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Nothing comes close to the feeling of trying to do an out-and-out quick lap in a Formula One car. I love the speed and the adrenaline. All your senses are heightened. You’re pushing yourself and the car to the absolute limit, fighting for every last 100th of a second.
This season I will become the first woman since 1992 to drive an F1 car at a race weekend, when I take part in the first practice sessions of the British and German Grands Prix in July for the Williams Martini racing team. It’s a big chance. I don’t take it for granted that I’m part of an F1 team: I see it as a natural progression from starting as a development driver two years ago. Each step of the way, I’ve proved myself, given the engineers what they need in terms of precise technical feedback, and this has led to more opportunities.
I’ve been through many ups and downs on the way, competing in Formula Renault, Formula Three and the German touring car championship. Most people think that choosing me for these Grand Prix sessions is a breakthrough in a male-dominated sport but some say it was just a marketing ploy. I know not everyone will be supportive of me, or of women driving in F1, but do you really think the ultra-competitive Sir Frank Williams would let anyone drive a multimillion-pound car as a publicity stunt? Or waste a precious race practice session to create some headlines?
I’m lucky because my parents, who run a motorbike shop in Oban, on the west coast of Scotland, never gave me the impression my gender would be a disadvantage. I’m 31, had my first motorbike when I was two years old, and started racing karts when I was eight.
I remember being taken to watch a Formula Three race – a mini version of F1 for up-and-coming young drivers – and seeing Jenson Button win. That’s when it clicked that this was what I wanted to do.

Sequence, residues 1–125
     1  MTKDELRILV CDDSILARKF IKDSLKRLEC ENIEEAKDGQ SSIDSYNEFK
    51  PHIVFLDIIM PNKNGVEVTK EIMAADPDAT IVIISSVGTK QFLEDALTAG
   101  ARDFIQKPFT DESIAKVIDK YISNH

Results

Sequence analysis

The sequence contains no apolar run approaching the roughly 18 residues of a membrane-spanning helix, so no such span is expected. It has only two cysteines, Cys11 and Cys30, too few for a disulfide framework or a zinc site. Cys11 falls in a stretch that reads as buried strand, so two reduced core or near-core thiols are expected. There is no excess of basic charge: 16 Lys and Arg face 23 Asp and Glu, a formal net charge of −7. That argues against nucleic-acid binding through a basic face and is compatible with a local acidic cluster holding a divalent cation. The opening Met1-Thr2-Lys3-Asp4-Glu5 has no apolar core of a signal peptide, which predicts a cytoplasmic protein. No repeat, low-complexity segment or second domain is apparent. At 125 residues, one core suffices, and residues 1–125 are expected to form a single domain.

F1 became my goal. I can be quite determined when I want to get somewhere. My mother always said, “Do what you enjoy. Don’t let anyone influence you.” I didn’t realise I was doing anything unusual for a girl until much later in my career. By then it was too late. I was enthralled.
The Williams Martini race drivers, Felipe Massa and Valtteri Bottas, are the last line of attack. They’re the guys who have to bring home the world championship points. As development driver, I’m one of 580 team members working to make them as competitive as possible.
My role involves helping set up the cars for races and testing new parts on a simulator. I can clock up 100 laps a day, at up to 300km per hour, in an environment of total secrecy at the team factory in Oxfordshire. I drive a mock-up car, under an egg-shaped dome, surrounded by 3D computer screens connected to a team of engineers who are watching through a window.
At the Grands Prix I always have my headset on, listening to the feedback from the drivers. If they have an issue such as understeer, the engineers can say, “We tried this in the simulator and it helped.” I’d never have Felipe or Valtteri coming up to me saying, “OK, what would you do here?” We’re not best buddies, we’re simply all working towards the same goal. What the engineers want is the most precise description of how the car is performing on the track so they can convert that information into a faster laptime.
In May, I’ll also be driving on an official test day after the Spanish Grand Prix. “Real” time in the car is important to assess how close the simulator experience is to the race car. I do miss the adrenaline of racing side by side with other cars. So it will give me immense pride and emotion to climb into the new white FW36 and drive out of the pit garage at Barcelona, and then again at Silverstone and Hockenheim. For me, it’s addictive: speed, adrenaline and competition.
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